Wednesday, January 26, 2011

A Match for Mary Bennet

A Match for Mary Bennet by Eucharista Ward

I purchased this book a while ago, as it was a P&P sequel, and because I thought that Mary should have her story too.  Why didn’t Mr. Collins ask her instead of Elizabeth?  What will happen to her now?  Once I received the book from that special little brown box many of us love (, this book went to sit on my shelf for some time.  One reason was that there were so many other books, particularly ones that I have checked out from the library, and the other reason is that I missed “An Inspirational Pride and Prejudice Sequel” on the front cover when I ordered it.

I am not religious... will get that right out there.  And an ‘inspirational’ tale made me nervous.  I have tried to read ‘inspirational’ novels before, and couldn’t get through them, as I felt suffocated by the religiosity of those novels.  I know, I know... but it is not something I am comfortable with, being preached to while trying to enjoy a nice piece of fiction.  I did, however, pack this book to move across the ocean with me, thinking that I might just pick it up one day to ‘see’!

For the new year, I thought that I would participate in a couple of reading challenges, and decided to start with my TBR shelves before I purchased another book.  I grabbed A Match For Mary Bennet... kind of like a splinter... get it over quickly.  Well, it ended way too quickly, if you ask me.  I was VERY pleasantly surprised with this gem!

Ms. Ward did a fabulous job with Mary Bennet.  Her Mary Bennet was introduced to us in her story, much like the Mary Bennet of Pride and Prejudice, quoting from various religious texts, but never quite getting it in to the right context.  The book opens with Mary Bennet in her early 20’s and travelling between her home in Longbourn, to Pemberley and to ‘Otherfield,’ Jane and Bingley’s home in Nottingham, (The Bingleys moved to Nottingham in order to be closer to Elizabeth and Darcy).  The whole time, Mary is thankful that Elizabeth ‘sacrificed’ herself for her family and married that odious Mr. Darcy.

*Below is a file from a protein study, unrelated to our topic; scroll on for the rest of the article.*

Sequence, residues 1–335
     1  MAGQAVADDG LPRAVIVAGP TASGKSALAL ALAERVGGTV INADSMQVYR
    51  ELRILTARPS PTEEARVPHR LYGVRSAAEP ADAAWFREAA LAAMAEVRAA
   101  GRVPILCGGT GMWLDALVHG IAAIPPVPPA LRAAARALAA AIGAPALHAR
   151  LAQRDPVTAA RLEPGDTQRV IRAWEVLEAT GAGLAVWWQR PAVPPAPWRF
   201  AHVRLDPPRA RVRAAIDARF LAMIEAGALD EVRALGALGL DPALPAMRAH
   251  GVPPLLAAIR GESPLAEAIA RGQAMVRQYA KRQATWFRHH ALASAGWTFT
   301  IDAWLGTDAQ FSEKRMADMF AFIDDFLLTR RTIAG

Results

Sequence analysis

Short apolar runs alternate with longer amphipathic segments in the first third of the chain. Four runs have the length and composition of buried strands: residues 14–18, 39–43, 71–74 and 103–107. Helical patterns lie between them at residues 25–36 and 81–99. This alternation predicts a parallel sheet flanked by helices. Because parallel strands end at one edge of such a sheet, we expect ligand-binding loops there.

While Mary is at home, Mrs. Bennet is constantly nattering on about Mary and how she needs to work on catching a she should smile more and make polite conversation.  At various balls, Mary starts to take notice of the people around her, and starts to talk with various gentlemen.  Often, she misunderstands what people are really saying and ‘reading’ their actions.  Throughout the book, Mary begins to really see what is going on around her, though, mostly at the urging of Mr. Steven Oliver, the new rector for Kympton, a living provided by Mr. Darcy.  

Mary sees that Elizabeth really is in love with Mr. Darcy.  She learns to see that Lydia is not all happiness at being the first married, and Mary tries to find her place in life.  Will she be the unmarried sister who moves from house to house, living with various sisters?  Will she find a place of her own, with her own living and settle to a solitary life?  Will she marry “ne’er-do-well with his horses and his foppishness and his daft family”? (Mary’s various refusals of this gentleman are hilarious!  But I won’t tell you if she will ultimately refuse him or accept him to help a family member)

It was wonderful book that I DEVOURED!  Ms. Ward did a very nice job of weaving her story, making Mary blossom, and putting Mary’s faith in the story.  Knowing that Mary is the more religious sister of the Bennet family, Ms. Ward kept true to her nature, but was not ‘pushy’ (for want of a better word).  The storyline kept flowing nicely and there were several subplots to keep it interesting and kept this reader guessing.  Luckily, it ended as I had hoped, as I really had no idea how it would end until the final chapters.  Plus, Ms. Ward took it a little further, to give us an idea of how the story would continue for her well-drawn characters.

I would highly recommend this book to anyone who loves Pride and Prejudice.  It was a very nice sequel that showed all of the original characters and introduced a few new faces.  I cannot wait to re-read it one day, after I reread P&P, as this is the best sequel that I have come across (and I have read quite a few!)!

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